Up to 200 jobs are to be axed at Jaguar's two Midland factories.
Workers at Castle Bromwich in Birmingham and the wood veneer centre at Browns Lane in Coventry were told of the redundancy programme by management on Friday.
The voluntary programme will apply to hourly paid workers – who mainly work on the production lines at both plants. The process has been described as part of an ongoing examination of the company, which has been fighting slumping sales.
A spokesman for Jaguar said: "This is part of our normal business to achieve higher overall efficiency improvements. This will help to adjust production volumes to match demand. There is no question of this being the end of Castle Bromwich.
"It is home to the new XF which is going into production later this year, and it is the home of the XK, one of the most popular cars we have produced."
Castle Bromwich, which employs 2,400 people, is expected to bear the brunt of the job losses, with 190 of the proposed 200 redundancies.
The plant, which saw a #200 million investment in an aluminium car body facility in 2003, is likely to see posts go on all the lines.
The XJ line is likely to be the main focus along with the XK line – which saw numbers increase last year as production was ramped up around its launch last May – is also likely to see some job losses as levels return to normal.
Around ten jobs are expected to be lost at the Browns Lane site, which continues to employ 500 people in the wood veneer centre after car production ended in 2005.
The spokesman said the redundancy was due to be completed by May, but would not be drawn on the levels of redundancy pay. But it is thought minimum payments are around #12,000 and rise depending on service and grading.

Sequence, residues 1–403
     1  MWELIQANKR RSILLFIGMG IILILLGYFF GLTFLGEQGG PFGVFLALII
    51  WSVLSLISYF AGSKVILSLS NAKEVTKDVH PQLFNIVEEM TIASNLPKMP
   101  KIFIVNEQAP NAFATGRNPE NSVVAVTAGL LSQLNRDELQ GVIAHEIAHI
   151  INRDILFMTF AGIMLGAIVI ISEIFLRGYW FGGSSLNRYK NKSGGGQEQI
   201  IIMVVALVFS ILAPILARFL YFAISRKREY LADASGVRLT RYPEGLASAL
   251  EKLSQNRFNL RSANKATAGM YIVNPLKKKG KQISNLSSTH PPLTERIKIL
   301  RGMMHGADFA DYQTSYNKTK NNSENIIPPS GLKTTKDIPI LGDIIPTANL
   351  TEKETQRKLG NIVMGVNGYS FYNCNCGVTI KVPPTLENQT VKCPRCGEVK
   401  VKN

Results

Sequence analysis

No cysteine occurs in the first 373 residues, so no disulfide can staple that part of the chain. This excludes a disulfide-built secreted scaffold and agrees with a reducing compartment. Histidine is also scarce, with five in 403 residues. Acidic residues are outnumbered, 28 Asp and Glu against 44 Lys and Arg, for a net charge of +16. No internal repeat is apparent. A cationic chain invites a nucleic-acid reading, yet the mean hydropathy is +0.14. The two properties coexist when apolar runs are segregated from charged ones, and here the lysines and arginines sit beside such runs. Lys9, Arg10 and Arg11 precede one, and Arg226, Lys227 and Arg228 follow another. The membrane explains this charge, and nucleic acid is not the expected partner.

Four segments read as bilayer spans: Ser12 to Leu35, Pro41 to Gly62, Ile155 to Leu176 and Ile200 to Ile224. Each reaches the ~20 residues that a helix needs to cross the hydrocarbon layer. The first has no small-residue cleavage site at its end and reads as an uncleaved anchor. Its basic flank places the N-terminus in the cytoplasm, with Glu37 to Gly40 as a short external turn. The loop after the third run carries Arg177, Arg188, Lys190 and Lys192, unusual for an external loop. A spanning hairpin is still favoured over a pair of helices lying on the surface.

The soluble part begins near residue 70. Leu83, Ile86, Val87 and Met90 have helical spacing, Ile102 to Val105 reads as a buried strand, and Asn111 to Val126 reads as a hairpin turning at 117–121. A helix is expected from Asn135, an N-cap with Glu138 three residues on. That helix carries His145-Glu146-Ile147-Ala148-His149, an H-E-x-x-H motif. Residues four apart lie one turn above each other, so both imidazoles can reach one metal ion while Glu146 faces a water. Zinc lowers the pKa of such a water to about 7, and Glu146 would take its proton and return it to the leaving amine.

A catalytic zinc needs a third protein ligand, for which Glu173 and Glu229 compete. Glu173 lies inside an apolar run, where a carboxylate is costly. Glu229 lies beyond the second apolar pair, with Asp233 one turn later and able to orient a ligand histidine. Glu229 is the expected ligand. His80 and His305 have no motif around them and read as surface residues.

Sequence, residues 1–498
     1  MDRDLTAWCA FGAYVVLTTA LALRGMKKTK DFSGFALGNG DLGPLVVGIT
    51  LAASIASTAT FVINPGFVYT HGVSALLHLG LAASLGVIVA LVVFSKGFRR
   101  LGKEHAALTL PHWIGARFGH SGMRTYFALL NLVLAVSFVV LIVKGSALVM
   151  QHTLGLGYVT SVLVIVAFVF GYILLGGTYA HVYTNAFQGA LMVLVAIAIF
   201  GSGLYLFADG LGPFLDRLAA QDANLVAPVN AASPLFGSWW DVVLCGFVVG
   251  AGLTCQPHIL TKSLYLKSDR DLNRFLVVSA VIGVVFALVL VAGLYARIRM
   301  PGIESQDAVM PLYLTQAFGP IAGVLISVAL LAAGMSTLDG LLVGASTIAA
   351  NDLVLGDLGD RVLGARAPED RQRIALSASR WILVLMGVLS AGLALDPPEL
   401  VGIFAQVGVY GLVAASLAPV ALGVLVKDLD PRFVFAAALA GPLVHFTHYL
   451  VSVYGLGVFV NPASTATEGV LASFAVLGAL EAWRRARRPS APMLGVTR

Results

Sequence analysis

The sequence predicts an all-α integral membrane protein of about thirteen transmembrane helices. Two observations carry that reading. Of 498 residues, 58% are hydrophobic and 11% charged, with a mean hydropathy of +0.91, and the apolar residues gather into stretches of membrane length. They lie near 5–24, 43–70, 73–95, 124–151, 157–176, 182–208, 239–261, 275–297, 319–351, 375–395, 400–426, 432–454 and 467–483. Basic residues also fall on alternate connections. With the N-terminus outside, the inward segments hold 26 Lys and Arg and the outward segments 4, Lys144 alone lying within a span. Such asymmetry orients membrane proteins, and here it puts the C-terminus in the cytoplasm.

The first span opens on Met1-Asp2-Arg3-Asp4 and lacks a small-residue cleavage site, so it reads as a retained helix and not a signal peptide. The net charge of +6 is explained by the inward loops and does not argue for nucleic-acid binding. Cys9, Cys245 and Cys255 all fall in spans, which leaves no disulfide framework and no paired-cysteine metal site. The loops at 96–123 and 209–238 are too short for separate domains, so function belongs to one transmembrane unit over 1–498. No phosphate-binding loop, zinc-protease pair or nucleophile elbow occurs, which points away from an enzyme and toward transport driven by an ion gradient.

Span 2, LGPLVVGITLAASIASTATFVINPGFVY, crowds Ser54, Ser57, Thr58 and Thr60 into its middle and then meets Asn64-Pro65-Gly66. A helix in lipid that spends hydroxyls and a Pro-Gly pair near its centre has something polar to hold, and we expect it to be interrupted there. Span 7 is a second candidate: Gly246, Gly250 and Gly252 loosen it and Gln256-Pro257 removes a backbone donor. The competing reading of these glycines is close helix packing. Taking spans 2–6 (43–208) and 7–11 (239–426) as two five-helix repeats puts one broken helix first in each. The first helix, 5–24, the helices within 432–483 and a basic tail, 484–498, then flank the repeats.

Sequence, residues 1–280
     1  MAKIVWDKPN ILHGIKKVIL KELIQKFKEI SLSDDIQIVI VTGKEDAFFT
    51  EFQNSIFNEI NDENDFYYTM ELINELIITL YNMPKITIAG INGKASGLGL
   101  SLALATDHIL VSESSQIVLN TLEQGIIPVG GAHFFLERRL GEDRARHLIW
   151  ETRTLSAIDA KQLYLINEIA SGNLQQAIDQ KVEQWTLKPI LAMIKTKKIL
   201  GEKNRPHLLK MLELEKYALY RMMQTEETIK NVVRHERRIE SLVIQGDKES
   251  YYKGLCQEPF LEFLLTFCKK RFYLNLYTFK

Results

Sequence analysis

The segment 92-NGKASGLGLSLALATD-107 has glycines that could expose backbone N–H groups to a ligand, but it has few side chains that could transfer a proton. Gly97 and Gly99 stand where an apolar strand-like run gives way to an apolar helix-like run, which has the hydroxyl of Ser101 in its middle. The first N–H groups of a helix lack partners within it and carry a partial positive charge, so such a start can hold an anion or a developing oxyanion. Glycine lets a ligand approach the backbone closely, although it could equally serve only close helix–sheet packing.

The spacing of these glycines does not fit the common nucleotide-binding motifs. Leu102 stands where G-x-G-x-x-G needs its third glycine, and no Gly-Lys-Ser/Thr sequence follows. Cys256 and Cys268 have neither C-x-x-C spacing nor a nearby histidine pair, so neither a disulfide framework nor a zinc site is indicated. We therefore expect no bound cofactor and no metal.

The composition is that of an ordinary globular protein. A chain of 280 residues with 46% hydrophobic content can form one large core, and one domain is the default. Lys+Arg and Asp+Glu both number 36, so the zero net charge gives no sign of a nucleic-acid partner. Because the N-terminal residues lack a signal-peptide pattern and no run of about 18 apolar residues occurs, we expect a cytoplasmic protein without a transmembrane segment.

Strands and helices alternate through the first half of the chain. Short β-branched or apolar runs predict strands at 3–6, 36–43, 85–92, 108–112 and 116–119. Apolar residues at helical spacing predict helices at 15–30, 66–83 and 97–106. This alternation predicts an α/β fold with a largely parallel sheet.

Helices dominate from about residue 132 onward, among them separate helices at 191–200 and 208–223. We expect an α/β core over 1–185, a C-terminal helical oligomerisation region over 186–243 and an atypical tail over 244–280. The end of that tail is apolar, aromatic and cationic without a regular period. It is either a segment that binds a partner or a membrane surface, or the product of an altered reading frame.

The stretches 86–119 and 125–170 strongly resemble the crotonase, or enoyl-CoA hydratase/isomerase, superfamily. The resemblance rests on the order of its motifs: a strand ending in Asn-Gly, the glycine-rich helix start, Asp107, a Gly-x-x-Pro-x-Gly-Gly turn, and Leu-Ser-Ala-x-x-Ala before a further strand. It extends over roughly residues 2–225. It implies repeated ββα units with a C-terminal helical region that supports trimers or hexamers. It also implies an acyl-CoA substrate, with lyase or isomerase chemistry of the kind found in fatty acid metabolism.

Dave Osborne, T&G national secretary for the car industry, said: "Since the closure of Browns Lane nearly two years ago, there has been a continual decline in sales, and despite the workforce repeatedly being told ‘you make ‘em, we’ll sell ‘em’, sales continue to slide.
"The workforce has lost confidence in the sales and marketing team and this announcement is another example of people losing their jobs due to the failures of management."
One Jaguar worker, who asked not to be named, said: "There are too many people at the plant for the number of cars the company is producing.
"But what about people's futures?"
Roger Maddison, national officer for trades union Amicus, which represents 1,000 of the 2,400 workers at Castle Bromwich, said: "We always knew that something like this would happen because the production quotas are down.
"They are only asking for volunteers and it is good news for the people who want to go and. It also means that Jaguar is not carrying people when production is quite low.
"There will also be a ramping up of production when the new S-Type starts later this year.
"This is sad in the short term, but we understand why the company is doing this and hopefully there will be a better future for Jaguar in the future."
Last year Jaguar sales slumped 12.01 per cent in the UK to 23,165 models, as the company chased a policy of focusing on its higher margin vehicles like the XJ and XK.
Jaguar reduced its continuing sales losses to just three per cent in January, thanks to the success of the XK sports car and the growing popularity of the diesel-powered variant of the range-topping XJ saloon, both of which it builds at Castle Bromwich.
Globally, sales of the XK were 155 per cent up at 12,000 vehicles last year, while the XJ was 15 per cent down at around 12,200 and S-Type 23 per cent down at 20,000.